Oh yes, and the Bengals snuck one out against the Browns, holding onto their sixth seed in the playoffs. They've got the look of a team that isn't quite ready to quit trying out this possible pipe dream of a postseason run, but if they play like they did against the Browns when they get the Steelers, Texans and Ravens over the next three weeks, it's hard to imagine them sneaking in with three 6-5 teams (Titans, Jets, Broncos) hanging out on the fringe.

And that flop wouldn't be nearly as pretty as Simpson's.

Muffed Punts

Leftovers from Sunday's Action ...
... Percy Harvin's 104-yard kick return that didn't produce a touchdown on Sunday was the longest non-scoring play in NFL history.
... Peterson is also the only player in NFL history with four punt return touchdowns of 80-plus yards or more in a season.
... And the Rams-Cardinals game was the first in NFL history to feature an 80-plus yard punt-return TD from each team.
... Cam Newton is just the fourth post-merger quarterback to rush for 10 touchdowns in a season, joining Steve Grogan, Kordell Stewart and Daunte Culpepper on that list.
... Chris Long recorded his 10th sack of the season, meaning he and dad Howie are just the second father-son combo to record double-digit sacks in a season in their career, along with Clay Matthews and his dad, Clay Matthews.
... The Bengals overcame a 10-point halftime deficit for the third time this season, tied for the most in NFL history, along with the 2011 Lions.
...

Worth 1,000 Words



GIF O' THE WEEK

There might be a better option, but watching Tim Tebow hit his X button two seconds too early and then get laid out is pretty entrancing.


Hot Seat Tracker

  • Norv Turner: Kevin Acee of the San Diego Union-Tribune believes "no playoffs = no more Norv." So, probably no more Norv.
  • Jim Caldwell: If they go 0-16 and draft a new franchise quarterback, how can they carry over the same staff? They can't right?
  • Steve Spagnuolo: He just lost back-to-back games to Seattle and Arizona. Talk about a free-fall.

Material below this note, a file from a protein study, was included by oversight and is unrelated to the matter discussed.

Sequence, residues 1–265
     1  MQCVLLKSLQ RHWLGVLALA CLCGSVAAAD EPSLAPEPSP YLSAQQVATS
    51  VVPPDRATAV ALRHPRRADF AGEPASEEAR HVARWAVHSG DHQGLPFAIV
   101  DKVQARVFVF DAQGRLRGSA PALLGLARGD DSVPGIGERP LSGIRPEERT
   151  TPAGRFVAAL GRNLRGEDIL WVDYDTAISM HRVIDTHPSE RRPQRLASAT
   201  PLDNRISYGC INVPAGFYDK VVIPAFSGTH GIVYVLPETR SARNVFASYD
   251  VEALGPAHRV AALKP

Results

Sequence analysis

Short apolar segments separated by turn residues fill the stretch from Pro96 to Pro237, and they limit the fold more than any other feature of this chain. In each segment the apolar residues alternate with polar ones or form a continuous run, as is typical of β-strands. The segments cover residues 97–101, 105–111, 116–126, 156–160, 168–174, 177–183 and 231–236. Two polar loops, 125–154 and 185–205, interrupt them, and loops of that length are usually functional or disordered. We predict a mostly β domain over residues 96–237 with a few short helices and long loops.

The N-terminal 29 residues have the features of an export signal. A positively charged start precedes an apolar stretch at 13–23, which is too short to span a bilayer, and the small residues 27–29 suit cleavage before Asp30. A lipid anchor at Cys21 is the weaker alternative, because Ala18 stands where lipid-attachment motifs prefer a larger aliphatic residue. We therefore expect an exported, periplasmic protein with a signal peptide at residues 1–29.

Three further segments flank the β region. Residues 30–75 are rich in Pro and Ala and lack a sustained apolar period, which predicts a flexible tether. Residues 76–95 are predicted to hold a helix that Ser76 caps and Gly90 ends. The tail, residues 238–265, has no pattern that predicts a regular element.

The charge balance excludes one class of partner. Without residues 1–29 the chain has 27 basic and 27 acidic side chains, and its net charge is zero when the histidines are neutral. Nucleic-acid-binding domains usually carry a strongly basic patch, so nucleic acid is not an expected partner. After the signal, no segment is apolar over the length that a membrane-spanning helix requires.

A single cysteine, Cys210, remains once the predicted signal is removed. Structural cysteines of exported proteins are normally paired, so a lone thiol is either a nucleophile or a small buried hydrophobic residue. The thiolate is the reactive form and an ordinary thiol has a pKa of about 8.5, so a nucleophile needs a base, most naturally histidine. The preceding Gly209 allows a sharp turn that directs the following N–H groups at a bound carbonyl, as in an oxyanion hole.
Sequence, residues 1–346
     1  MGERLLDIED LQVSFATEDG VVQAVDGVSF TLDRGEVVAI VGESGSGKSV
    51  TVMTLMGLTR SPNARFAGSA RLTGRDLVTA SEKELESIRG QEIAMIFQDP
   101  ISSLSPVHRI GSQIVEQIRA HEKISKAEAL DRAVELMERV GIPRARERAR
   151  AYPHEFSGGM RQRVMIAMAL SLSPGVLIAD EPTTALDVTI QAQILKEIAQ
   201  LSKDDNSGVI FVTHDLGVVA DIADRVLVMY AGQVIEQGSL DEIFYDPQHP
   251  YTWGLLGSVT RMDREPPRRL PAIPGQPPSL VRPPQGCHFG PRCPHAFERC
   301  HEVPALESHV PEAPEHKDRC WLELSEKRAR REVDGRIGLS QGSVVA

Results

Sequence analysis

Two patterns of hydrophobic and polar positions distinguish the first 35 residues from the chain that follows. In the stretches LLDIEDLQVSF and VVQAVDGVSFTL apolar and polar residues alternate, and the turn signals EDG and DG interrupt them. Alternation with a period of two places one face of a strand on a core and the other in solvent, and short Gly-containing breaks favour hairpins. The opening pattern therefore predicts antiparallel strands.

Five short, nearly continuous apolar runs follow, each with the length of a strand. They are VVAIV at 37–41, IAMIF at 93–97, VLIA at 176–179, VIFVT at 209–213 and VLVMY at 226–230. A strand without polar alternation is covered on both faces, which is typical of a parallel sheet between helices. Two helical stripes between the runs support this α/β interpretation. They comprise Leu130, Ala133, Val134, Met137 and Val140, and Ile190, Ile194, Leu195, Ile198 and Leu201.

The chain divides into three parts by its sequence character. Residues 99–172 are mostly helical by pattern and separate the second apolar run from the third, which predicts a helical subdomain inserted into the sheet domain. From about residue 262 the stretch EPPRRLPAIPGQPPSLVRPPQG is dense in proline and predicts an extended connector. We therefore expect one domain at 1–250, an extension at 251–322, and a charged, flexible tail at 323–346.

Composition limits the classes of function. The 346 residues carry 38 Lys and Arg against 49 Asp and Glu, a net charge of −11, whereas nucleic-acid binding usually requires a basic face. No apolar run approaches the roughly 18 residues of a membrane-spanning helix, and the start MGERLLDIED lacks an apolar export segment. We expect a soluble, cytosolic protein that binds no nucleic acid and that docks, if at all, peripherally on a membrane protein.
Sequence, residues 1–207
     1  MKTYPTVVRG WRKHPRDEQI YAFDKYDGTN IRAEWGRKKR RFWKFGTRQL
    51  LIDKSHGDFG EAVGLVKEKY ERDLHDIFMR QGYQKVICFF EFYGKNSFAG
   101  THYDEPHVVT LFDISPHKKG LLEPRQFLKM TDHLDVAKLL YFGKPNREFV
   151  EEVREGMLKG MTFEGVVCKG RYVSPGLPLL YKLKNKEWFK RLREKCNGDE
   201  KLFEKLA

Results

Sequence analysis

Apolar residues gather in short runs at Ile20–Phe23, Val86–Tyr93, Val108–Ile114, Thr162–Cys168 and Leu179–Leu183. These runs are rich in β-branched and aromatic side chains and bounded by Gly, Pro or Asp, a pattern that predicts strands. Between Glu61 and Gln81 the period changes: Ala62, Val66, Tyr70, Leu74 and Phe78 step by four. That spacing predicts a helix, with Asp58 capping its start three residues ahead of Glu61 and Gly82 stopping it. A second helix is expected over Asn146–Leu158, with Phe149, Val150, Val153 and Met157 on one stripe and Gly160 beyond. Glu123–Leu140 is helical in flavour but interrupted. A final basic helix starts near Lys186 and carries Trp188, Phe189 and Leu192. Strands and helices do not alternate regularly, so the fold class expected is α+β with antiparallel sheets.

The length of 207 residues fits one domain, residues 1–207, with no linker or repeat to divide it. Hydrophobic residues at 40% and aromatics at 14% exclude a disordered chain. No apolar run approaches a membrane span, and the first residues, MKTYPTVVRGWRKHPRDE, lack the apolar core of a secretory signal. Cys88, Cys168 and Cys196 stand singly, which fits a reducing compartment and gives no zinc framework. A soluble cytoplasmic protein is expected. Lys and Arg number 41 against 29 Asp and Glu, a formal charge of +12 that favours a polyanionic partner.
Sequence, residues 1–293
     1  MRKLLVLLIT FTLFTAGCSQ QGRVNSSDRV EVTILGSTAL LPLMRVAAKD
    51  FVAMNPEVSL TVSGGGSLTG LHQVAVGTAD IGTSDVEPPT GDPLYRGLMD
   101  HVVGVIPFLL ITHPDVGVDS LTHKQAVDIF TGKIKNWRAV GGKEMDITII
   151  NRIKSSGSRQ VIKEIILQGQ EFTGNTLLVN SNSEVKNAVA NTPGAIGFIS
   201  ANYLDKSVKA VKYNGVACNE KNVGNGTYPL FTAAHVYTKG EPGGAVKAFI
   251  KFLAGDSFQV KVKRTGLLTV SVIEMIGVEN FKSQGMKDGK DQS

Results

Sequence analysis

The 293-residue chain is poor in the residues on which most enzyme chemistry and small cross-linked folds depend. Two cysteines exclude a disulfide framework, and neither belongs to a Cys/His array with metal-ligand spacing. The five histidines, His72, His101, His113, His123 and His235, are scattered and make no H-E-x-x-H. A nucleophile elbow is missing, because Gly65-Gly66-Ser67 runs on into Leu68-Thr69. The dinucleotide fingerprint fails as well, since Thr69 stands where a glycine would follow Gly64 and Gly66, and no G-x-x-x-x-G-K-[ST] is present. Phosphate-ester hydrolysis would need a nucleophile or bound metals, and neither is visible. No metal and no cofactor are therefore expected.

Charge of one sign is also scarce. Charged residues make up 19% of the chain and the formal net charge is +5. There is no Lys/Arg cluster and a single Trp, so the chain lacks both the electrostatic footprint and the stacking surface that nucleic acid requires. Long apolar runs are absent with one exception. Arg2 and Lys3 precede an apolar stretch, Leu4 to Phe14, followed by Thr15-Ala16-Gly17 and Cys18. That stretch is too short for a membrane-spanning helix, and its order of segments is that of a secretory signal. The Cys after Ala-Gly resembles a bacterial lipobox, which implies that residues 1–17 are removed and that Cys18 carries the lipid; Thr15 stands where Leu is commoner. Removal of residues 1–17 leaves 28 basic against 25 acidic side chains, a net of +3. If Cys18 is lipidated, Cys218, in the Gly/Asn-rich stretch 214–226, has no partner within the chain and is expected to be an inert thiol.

• Jack Del Rio: It's a good rule of thumb that if you're flopping your first-round rookie for a McCown brother that your job is in trouble.
  • Tony Sparano: Even if he keeps winning, you gotta think Stephen Ross goes window shopping this offseason.

Chasing Andrew Luck

The Colts have all but locked up the Luck sweepstakes, and with the remaining schedules, we might as well take the numbers off the board. Congratulations for ruining a mini-feature in this column by Week 12, Curtis Painter. You jerk.

MVP Watch

Speaking of jerks, "tanks for nuthin'" Aaron Rodgers. Rodgers has one more holiday game left -- a Christmas showdown with the Bears. And the Packers could still lose a game and maybe come back towards the Patriots (if Tom Brady stays hot?), but he's all but sewn up this award pretty early in the season.

Posted on: November 22, 2011 5:32 pm
 

Eye on Football NFL Awards: Week 11

Posted by Will Brinson



Every week, our NFL experts will hand out the Eye on Football hardware to the best of the best from the NFL week that was.

Week 11 NFL Awards
Expert Offense Defense STeams Coach
Freeman Gronk  Wright Clemons H-baugh
Judge  Smith  Willis  Cards  Reid
Prisco  Smith  Kelly  Pilares  Reid
Brinson  Smith  Miller  Bailey  Reid
Katzowitz  Smith  Miller  Bailey  Reid
Wilson  Smith  Miller  Pilares  Fox
Week 12's in the books and that means it's time to hand out some hardware -- this week provided some pretty unexpected returns for various players.

Kevin Smith is the big winner, as his 200-plus yards from scrimmage netted him a nearly unanimous Eye on Offense Award victory. Of course, he's probably just happy to be back in the NFL.

Von Miller picked up the Eye on Defense Award, which is a surprise, because most of America believes the Broncos are only winning thanks to Tim Tebow.

And Dan Bailey edged out Kealoah Pilares of the Panthers for the Eye on Special Teams Awards, because tie goes to your team winning. (Yes, I'm as surprised that I broke the tie away from a Panther as everyone else.)

And Andy Reid, the much-maligned coach of the Eagles, picked up the Eye on Coaching Award. Winning a game with Vince Young at quarterback will do that for you.

Leave your votes in the comments below or scream angrily at us on Twitter @EyeOnNFL.

Eye on Offense Award
Mike Freeman Clark Judge
Rob Gronkowski Rob Gronkowski, TE, Patriots